- Wealthy people who got even wealthier during the pandemic will be targeted, Bharat Ramamurti, National Economic Council deputy director, told Bloomberg Television Tuesday. Biden wants to tax investment income for those earning more than $1 million at the same rate as wages and raise taxes for anyone making more than $400,000.
- “The president’s tax plan is intended to make sure that middle-class families are not paying more than their fair share and that the wealthiest folks, who by and large have done quite well over the last several years, including during the last year, are paying a little bit more,” Ramamurti added.
- Biden also proposed raising corporate taxes to 28% from their current 21% during his campaign. Ramamurti said Biden’s tax plan will encourage big business to invest more in the U.S. in part by taxing companies that ship jobs overseas.
- Republicans are getting more vocal about their opposition to the plan. “I don’t think there’s going to be any enthusiasm on our side for a tax increase,” Senate Minority Leader Mitch McConnell said Tuesday. “The Biden-Harris administration is fulfilling its campaign promise to ram through job-killing tax hikes,” Sen. Rick Scott (R., Fla.) said.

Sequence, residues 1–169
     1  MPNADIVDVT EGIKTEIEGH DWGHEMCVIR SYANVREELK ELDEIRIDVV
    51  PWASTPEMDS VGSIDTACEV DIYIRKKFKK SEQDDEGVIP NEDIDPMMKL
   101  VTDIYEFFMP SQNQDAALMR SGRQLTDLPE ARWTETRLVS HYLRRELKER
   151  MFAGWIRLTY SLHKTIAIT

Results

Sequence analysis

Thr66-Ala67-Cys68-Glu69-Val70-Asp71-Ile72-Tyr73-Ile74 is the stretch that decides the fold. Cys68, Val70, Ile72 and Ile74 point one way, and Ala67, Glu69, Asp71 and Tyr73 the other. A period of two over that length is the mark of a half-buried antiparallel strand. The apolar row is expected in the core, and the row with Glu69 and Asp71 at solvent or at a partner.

What’s Next: No timeline has been set for formally unveiling the plan but Ramamurti said, “we hope to work with Congress to accomplish those goals.”
Google to Cut Commissions for Small App Developers
will cut its Google Play app store commissions for small developers.
- The company said starting July 1, the first $1 million of revenue a developer gets on its platform will be subject to a 15% service fee, down from 30%. The company said 99% of developers on the platform will see 50% lower fees.
- Last fall, Apple announced a comparable commission cut, though its program excludes all developers that made more than $1 million in 2020. The Google Play cut applies to every developer’s first $1 million.
- Both Apple and Alphabet’s fees have faced scrutiny from regulators and developers. Epic Games sued Apple and Google after both pulled its Fortnite game in August. Epic had attempted to bypass in-app purchase commissions.